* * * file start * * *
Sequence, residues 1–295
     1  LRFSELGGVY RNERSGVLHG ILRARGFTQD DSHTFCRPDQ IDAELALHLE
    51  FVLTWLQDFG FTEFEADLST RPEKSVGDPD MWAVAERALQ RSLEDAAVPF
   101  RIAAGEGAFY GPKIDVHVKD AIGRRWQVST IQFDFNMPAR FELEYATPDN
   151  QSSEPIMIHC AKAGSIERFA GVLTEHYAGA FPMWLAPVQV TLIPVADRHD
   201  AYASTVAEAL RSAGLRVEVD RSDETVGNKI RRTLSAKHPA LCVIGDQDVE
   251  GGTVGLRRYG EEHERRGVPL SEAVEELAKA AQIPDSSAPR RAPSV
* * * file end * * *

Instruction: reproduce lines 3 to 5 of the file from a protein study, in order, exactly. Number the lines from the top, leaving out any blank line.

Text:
    51  FVLTWLQDFG FTEFEADLST RPEKSVGDPD MWAVAERALQ RSLEDAAVPF
   101  RIAAGEGAFY GPKIDVHVKD AIGRRWQVST IQFDFNMPAR FELEYATPDN
   151  QSSEPIMIHC AKAGSIERFA GVLTEHYAGA FPMWLAPVQV TLIPVADRHD